Issue No. 59 | April 2015


“Fear keeps pace with hope. Both belong to a mind in suspense, in a state of anxiety through looking into the future. Both are mainly due to projecting our thoughts far ahead of us instead of adapting ourselves to the present. ”

~ Seneca


 

You’re Doing Fine

“Show me the autism parent who hasn’t at least once wondered uneasily where lies the boundary between encouraging a child and pushing too hard. There seems to be so much at stake (we dread even an inch of backsliding in our hard-won progress), and the line keeps moving! How do we know?

It’s a question that will never go away, as each new developmental milestone redraws the line. From watching Bryce jump into the deep end of the pool for the first time to dropping him off at his first school dance to watching him board a plane by himself to watching him drive off to school, I’ve churned out enough stomach acid to float a barge. I know that angst, but I also learned to say no to letting it rule me. Sometimes we already have the answer, obscured only by the veil of that uncertainty. That’s why I was delighted to read the following letter. I get to tell a mom, “You’ve got this one, and here’s why . . .”

Dear Ellen,
I’m struggling with how much to push my daughter, and how much to let her be. She’s six and likes to be in groups with other kids. She likes to do fun things. I want her to do a variety of new things so she’s able to have an easier time with transitions. But I’ve signed her up for a new after-school club, riding the bus with her brother, meeting a support person from her ABA agency after she gets there who will observe and help her and possibly pull her for 1:1 instruction if needed. Now I am a nervous wreck wondering if the environment is going to be too stimulating. I know it will be more stimulating and have more kids than she’s used to from other things because I have chosen things to be less stimulating and have fewer kids. But, this program is structured and has a level of noise and chaos that I have seen her do well with. But I am worried it will be too much for her. The worst case is that she doesn't go back until she’s older and we try something else instead. If she has a horrible time her tutor can take her from the building to another place. I am just very nervous anyway. But I feel strongly that I want her to have opportunities for more independence. This is also a strong area for her; she has a desire to do things on her own and she likes a lot of typical kid things (she does things like getting bored during stories that may be above her comprehension or language level). I am just having a hard time knowing if I am giving her a good opportunity or if I am pushing her too much.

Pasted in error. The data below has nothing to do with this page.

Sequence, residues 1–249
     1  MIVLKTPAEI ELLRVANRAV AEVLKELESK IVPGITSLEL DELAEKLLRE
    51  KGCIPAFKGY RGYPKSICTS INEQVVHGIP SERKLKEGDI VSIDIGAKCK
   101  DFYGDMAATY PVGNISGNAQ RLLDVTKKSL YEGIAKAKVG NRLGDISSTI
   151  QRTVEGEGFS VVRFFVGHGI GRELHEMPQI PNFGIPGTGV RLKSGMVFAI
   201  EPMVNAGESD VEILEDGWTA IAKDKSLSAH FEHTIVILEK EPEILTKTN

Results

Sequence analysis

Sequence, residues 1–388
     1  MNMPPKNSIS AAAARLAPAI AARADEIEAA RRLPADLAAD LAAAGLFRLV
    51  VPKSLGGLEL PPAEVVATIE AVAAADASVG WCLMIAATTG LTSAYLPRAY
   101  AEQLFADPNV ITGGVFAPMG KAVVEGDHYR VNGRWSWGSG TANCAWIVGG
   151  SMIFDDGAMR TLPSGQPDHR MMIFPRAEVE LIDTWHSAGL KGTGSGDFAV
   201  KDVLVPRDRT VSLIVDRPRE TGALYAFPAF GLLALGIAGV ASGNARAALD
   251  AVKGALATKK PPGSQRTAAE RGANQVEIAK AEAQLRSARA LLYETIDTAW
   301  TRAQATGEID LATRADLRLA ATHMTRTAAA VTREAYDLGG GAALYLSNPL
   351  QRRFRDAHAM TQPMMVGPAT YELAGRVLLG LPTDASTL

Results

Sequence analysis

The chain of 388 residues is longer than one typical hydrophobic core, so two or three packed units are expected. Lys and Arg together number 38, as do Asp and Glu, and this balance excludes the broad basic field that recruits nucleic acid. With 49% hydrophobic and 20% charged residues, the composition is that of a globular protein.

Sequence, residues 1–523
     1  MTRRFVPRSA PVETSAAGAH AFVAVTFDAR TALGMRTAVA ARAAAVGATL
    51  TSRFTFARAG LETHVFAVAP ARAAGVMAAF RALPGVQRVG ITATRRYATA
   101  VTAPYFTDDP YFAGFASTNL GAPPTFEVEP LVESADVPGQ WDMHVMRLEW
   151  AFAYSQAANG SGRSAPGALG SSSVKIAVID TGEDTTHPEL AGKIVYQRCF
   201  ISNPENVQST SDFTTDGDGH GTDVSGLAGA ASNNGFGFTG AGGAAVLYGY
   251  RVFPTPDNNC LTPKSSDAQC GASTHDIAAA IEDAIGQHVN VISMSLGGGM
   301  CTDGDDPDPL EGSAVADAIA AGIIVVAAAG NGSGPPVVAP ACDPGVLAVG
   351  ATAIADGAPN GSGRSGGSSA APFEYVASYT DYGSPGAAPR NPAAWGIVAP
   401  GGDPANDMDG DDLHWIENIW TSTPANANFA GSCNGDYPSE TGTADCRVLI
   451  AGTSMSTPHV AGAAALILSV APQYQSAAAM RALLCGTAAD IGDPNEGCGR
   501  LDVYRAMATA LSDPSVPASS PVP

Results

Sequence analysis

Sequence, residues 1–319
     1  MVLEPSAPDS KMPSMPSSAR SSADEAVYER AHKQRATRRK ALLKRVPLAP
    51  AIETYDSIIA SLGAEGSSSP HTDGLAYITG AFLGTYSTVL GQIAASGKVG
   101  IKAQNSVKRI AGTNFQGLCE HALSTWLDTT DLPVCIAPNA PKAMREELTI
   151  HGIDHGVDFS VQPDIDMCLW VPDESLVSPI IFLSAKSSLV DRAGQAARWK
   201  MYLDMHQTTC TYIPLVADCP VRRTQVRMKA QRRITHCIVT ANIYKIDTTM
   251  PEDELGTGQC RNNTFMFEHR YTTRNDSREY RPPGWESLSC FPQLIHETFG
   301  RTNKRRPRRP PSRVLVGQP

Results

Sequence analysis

Dear Mom Getting it Right,
You’re doing fine! Yes, your letter is saturated in apprehension. But when we strip out the 40% anxiety, we’re left with 60% well thought-out parenting, exactly the kind so many of us strive for. Look what happens when I delete the anxiety.

My daughter is 6, and likes to be in groups with other kids. She likes to do fun things. I want her to do a variety of new things so that she’s able to have an easier time with transitions. I signed her up for a new after-school club, riding the bus with her brother, meeting a support person from her ABA agency after she gets there who will observe and help her and possibly pull her for 1:1 instruction if needed, or take her from the building to another place. It will be more stimulating and have more kids than she’s used to from other things, but this program is structured and has a level of noise and chaos that I have seen her do well with. The worst case is that she doesn't go back until he is older and we try something else instead. I want her to have opportunities for more independence. This is a strong area for her; she has a desire to do things on her own and she likes a lot of typical kid things.